Raising multiples is challenging on so many levels. In the newborn stage, parents must reach superhuman status to keep up with the feedings, diaper changes, and laundry.
During the toddler years, many moms and dads of twins and triplets envy octopuses with their eight arms, because it always seems like you are pulling one child or another out of trouble.
When multiples hit school age, your patience and fortitude are tested. Any assignment – homework, Valentine’s Day boxes, or the dreaded science fair project – is more difficult when it is compounded by two, three or more.
But these challenges pale in comparison to what comes during the tween years. There is something that no book or expert can prepare you to understand or provide enough coping mechanisms in which to deal with the situation.
I’m talking about puberty, hormones, and angst. Multiplied.
Twelve years ago, I gave birth to two beautiful fraternal twin girls. Sixteen months later, another daughter blessed our family. That means there are three tweens living under my roof.
Each day is a roller coaster ride of emotions, a manic episode that never seems to end.
One moment my heart soars when someone grabs my hand on the way into the grocery store, the next it’s crushed because they don’t want a goodbye kiss in the middle school drop off line. Sometimes I am reminded of how small each girl is when they snuggle up to me on the couch to tell me about their day, and in the next moment, they look like a young woman wearing my clothes. The range of emotions is vast and moves at the speed of light, both theirs and mine. I try to keep an open line of communication, but in most cases, my conversation starter is, “Why are you crying?”
The standard response: “I don’t know.”
I did not anticipate the tears that would flow because I asked one of my daughters to change her clothes before we went out to dinner or because I offered to help her with a math problem or because I told her I made the cupcakes with the cream cheese in the middle for a party we were attending together.
I was not prepared for the eye rolls that would accompany requests to clean their rooms or hang up their coats, or that maybe they could wait to respond to that smiley face emoji text until after dinner.
I did not realize that the word “fine” does not, in fact, mean fine anymore. Instead, I think it is tween code for the middle finger.
And all this is multiplied. Times three.
It’s not that I’m unsympathetic. I was a tween girl once too. They didn’t call us tweens back then when dinosaurs roamed the earth, but I remember the feeling of wishing to be treated like a grown-up while still having my mommy take care of me. I get it.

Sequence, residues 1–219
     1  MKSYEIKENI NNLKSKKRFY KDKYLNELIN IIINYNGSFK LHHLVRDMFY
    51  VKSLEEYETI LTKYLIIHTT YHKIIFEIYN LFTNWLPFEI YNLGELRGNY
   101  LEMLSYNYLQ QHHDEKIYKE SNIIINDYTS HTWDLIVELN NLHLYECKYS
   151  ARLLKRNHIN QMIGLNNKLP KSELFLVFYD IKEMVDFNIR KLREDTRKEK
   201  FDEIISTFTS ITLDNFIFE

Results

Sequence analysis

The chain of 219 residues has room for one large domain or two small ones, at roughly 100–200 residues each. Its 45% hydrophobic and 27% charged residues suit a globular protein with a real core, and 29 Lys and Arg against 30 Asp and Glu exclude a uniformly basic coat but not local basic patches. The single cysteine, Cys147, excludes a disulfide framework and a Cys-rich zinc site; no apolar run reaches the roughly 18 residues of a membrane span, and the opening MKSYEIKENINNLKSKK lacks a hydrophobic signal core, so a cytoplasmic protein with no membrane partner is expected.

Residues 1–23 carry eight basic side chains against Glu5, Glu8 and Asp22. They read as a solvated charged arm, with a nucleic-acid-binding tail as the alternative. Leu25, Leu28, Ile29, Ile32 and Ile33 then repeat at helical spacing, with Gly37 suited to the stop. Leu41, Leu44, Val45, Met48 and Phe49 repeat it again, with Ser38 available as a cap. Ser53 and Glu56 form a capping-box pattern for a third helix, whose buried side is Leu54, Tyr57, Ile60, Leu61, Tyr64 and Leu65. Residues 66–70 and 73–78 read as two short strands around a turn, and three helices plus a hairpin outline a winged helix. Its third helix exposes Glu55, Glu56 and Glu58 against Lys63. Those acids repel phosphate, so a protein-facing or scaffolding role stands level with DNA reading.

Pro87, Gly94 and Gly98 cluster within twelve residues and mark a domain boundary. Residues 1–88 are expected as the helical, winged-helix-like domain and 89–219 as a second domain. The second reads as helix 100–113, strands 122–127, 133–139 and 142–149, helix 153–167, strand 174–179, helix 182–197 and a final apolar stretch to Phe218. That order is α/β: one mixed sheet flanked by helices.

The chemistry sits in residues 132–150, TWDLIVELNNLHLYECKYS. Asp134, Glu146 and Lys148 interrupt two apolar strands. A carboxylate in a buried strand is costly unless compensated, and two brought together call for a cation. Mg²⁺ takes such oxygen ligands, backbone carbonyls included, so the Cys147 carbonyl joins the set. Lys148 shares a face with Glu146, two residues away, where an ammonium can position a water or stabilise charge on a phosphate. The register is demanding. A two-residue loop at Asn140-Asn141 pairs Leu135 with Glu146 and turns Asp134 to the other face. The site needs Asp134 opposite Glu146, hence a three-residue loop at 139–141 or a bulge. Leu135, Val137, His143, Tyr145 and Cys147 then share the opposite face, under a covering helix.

But there are three of them, which means the odds of at least one being “in a mood” is far greater than what any mother can endure. I’m only human.
How do I manage? I try not to minimize their feelings, although sometimes it’s a challenge. While it is hard for me to grasp the reality that asking someone to take a shower could incite an emotional outburst, I know the suffering is real. I attempt to take each of their issues – regardless of how ridiculous I believe it to be – seriously. I listen first and only give my opinion when asked. I choose my battles, so when it’s important, they will know it.
I wish I could offer some sage advice or a glimmer of hope that your experience may be better, but I have yet to meet another parent of multiples who doesn’t agree that combating puberty squared is one of the toughest phases.
Then they respond with, “But wait until you have to teach them how to drive.”
Just kill me now.
This post is part of a series of essays by the contributors to our second anthology, Multiples Illuminated: Life with Twins and Triplets, the Toddler to Twin Years. Subscribe to get new posts on your favorite reader as and when they’re published.
Whitney Fleming is a writer and social media/marketing consultant who enjoys life in the burbs of Chicago. When not working or chauffeuring her children to various activities, she enjoys traveling with her friends and family, cooking and wine tasting. When she can do all three at the same time, it is a perfect day. You can follow her on Facebook or her blog.